Trying to thrust reports and implement it on hapless populace will not work in the years to come. Conservation has come to a cross road. This is the ripe time to forge new strategies and take level headed decisions. Science-based conservation with peoples’ participation along with poverty alleviation looks like a winning combination, but it takes lot of effort and dedication to get the right mix.

Saturday, May 10, 2014

Court comes to the rescue of Canada lynx

The following is a press release from The Western Environmental Law Center.
Wildlife advocates’ win forces federal government to prepare long overdue recovery plan for threatened Canada Lynx.
Missoula, MT – In a critical win for the rare and elusive Canada lynx, a federal court in Montana found that the U.S. Fish and Wildlife Service’s 14-year delay in preparing a recovery plan for this threatened species was “unreasonable” and ordered a firm deadline for completing the federally mandated roadmap for recovery.
A coalition of wildlife advocates, represented by the Western Environmental Law Center, filed a lawsuit in March 2013 to spur the FWS to complete the required recovery plan for the cat, which was listed as threatened with extinction under the Endangered Species Act (ESA) in March 2000. By the FWS’ own admission, recovery plans are “one of the most important tools to ensure sound scientific and logistical decision-making throughout the recovery process.”
Yesterday, the Court ruled in the wildlife advocates favor, finding that “The history of this case causes a certain skepticism about the agency’s self declared deadlines for initiating recovery planning.” The agency has 30 days to submit a proposed schedule for completion of the recovery plan.
“It’s long overdue,” said Matthew Bishop, an attorney with the Western Environmental Law Center who represents the coalition. “A delay of a year, two or even three might be reasonable given other priorities or a heavy workload, but not 14. At some point in time, the court has to step in and say enough is enough. Fortunately, that’s what they did in this case,” Bishop added.
“We are pleased that the court recognized how important these plans are to prevent the extinction of lynx,” said Arlene Montgomery, Program Director for Friends of the Wild Swan. “Finally the Fish and Wildlife Service can get down to identifying and reducing threats to the cats’ long term survival.”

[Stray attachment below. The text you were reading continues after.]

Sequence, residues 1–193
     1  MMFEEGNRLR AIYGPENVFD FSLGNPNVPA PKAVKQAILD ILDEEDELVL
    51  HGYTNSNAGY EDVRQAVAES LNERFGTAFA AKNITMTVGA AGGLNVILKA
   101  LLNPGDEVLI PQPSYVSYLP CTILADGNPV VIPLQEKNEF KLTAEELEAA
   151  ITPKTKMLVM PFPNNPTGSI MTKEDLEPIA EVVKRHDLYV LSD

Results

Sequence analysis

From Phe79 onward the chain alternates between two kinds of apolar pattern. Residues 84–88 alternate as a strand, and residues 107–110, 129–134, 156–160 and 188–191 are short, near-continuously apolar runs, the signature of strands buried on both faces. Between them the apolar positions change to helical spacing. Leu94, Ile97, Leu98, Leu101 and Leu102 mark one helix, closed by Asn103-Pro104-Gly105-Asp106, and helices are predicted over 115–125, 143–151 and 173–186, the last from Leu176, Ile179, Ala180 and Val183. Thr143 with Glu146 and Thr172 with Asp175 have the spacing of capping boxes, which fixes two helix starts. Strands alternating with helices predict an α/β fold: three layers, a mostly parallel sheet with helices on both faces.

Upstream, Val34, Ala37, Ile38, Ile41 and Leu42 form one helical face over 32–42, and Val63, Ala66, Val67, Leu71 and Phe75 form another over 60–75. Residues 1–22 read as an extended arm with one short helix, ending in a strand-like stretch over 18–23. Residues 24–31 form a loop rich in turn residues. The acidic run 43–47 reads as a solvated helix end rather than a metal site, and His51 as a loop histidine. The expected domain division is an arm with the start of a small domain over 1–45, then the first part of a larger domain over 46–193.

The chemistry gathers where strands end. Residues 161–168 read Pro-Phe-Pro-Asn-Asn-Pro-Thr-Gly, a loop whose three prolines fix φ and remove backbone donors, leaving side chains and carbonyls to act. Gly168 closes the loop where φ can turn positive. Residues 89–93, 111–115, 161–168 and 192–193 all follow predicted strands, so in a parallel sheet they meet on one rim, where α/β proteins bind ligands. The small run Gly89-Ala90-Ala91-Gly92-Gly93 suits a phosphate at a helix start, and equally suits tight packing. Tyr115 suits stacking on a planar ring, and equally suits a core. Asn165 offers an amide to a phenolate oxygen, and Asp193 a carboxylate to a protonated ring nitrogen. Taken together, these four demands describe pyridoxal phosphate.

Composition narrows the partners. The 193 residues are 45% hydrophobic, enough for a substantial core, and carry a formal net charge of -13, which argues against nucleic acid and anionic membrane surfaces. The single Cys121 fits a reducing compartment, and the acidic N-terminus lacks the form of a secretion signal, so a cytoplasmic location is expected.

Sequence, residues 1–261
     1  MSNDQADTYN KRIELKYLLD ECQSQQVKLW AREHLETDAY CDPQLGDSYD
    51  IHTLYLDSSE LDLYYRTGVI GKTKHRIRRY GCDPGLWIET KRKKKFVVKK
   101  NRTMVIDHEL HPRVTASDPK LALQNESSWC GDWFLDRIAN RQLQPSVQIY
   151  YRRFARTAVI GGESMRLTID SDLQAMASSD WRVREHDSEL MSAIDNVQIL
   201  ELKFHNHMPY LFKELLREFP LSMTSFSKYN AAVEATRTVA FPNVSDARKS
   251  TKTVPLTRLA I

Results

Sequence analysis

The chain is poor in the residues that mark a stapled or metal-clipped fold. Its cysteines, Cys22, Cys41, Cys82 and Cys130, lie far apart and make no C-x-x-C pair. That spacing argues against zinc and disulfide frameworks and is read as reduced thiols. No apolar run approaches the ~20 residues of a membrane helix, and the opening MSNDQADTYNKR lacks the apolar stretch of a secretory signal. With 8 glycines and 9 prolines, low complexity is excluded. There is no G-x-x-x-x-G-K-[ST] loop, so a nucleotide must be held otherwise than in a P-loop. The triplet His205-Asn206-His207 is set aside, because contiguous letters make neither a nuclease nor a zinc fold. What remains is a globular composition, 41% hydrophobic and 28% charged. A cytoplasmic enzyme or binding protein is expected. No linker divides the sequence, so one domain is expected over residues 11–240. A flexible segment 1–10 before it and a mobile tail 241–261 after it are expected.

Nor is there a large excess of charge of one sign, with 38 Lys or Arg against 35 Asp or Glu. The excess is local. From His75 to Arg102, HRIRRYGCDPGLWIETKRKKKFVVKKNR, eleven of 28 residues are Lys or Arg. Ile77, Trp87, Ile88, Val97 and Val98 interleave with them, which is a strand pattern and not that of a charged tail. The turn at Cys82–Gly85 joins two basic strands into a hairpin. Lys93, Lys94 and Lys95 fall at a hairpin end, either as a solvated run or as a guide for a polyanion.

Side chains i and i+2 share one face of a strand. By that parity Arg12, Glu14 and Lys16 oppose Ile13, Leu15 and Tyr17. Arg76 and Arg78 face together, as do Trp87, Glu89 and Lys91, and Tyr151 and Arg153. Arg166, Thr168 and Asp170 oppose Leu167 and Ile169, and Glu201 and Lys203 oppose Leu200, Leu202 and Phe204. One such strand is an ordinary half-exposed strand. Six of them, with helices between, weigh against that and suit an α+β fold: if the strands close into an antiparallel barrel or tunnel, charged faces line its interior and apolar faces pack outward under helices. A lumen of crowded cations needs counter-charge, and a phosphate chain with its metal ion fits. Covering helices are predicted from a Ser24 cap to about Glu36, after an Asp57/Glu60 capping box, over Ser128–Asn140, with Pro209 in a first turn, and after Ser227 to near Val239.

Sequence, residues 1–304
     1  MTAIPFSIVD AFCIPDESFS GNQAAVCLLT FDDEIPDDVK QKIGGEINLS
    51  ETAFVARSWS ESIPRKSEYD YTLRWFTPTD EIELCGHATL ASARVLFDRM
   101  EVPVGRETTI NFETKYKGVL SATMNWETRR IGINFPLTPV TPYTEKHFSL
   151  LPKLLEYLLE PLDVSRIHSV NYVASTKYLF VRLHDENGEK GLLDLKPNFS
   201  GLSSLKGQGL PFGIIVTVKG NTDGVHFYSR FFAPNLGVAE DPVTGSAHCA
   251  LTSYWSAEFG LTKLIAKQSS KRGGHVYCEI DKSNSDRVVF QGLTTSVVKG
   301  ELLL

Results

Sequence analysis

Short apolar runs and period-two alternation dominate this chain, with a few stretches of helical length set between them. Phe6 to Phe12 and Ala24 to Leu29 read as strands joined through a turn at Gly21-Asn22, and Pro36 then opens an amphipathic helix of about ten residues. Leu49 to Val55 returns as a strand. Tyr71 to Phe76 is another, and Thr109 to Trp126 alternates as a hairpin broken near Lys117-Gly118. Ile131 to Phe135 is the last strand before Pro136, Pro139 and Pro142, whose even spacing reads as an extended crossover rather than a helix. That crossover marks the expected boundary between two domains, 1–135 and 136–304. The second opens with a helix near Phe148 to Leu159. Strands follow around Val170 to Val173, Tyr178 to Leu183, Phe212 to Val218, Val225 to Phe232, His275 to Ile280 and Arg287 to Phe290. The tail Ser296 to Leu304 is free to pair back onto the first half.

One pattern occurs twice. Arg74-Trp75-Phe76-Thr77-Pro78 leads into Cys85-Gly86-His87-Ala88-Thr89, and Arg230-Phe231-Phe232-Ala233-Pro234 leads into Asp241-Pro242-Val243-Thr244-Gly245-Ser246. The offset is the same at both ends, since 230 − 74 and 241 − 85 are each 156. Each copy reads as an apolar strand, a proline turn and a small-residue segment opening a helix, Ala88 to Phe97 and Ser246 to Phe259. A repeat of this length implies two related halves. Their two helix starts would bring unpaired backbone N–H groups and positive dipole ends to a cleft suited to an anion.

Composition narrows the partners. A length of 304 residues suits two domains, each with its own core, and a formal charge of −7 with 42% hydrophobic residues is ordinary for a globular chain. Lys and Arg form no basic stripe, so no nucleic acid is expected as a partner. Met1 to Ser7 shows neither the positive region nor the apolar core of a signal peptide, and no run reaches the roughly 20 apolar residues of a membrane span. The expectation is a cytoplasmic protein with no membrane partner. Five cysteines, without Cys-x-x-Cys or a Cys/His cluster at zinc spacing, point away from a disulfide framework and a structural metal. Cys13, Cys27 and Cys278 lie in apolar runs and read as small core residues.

The Western Environmental Law Center is representing Friends of the Wild Swan, Rocky Mountain Wild, San Juan Citizens Alliance, and the Biodiversity Conservation Alliance.
Want to have a look at the court order? Click HERE

Friday, May 09, 2014

Amazing rock climbing feat by Mexican black bears

Cascading effects of loss of large mammals

A study by Scientists from Bard College and the University of California, Davis, has come up with the finding that the loss of large mammals has cryptic consequences for African savannas and the people and animals that depend on them.
The scientists experimentally removed large grazing mammals from plots of savanna land in Kenya. The results were very disturbing. Populations of a small mammal, the pouched mouse, doubled. The mice attracted venomous snakes like the olive hissing snake. It also caused extensive damage to tree seedlings.  The flea and tick populations exponentially increased which in turn potentially increased the risk of transmission of flea- and tick-borne pathogens.
Details of the study appears in the latest issue of journal Bioscience

Thursday, May 08, 2014

Pine martens makes a comeback in south of Scotland

                                          Pic credit: SNH &VWT

A Scottish Natural Heritage (SNH) study, with The Vincent Wildlife Trust (VWT), has reported that pine martens have starting to re-colonise the south of Scotland after being absent there for nearly 200 years.
Pine martens were once abundant in UK, but suffered a collapse in the 19th century due to woodland clearance, trapping for fur, and predator control measures by gamekeepers.

VWT survey coordinator Lizzie Croose described the discovery of the rare animals as "significant".

Friday, May 02, 2014

SOS Freedom

 SOS (Save Our Species) has established a collaborative programme with Jacques Olivier of FREEDOM films and events. The association will work for species conservation and aims at inspiring people of all ages to reconnect with nature. 

Jacques Olivier is an inspirational person. A falconer since an early age he has developed “Les aigles du LĂ©man” in Haute-Savoie, France. Here he perfects a technique to teach adult captive eagles how to fly and hunt for themselves.   A stunning film of his project to reintroduce the white tailed eagle to the Alps is due to be released later this year. Here is a remarkable film footage

Posted with inputs from IUCN SSC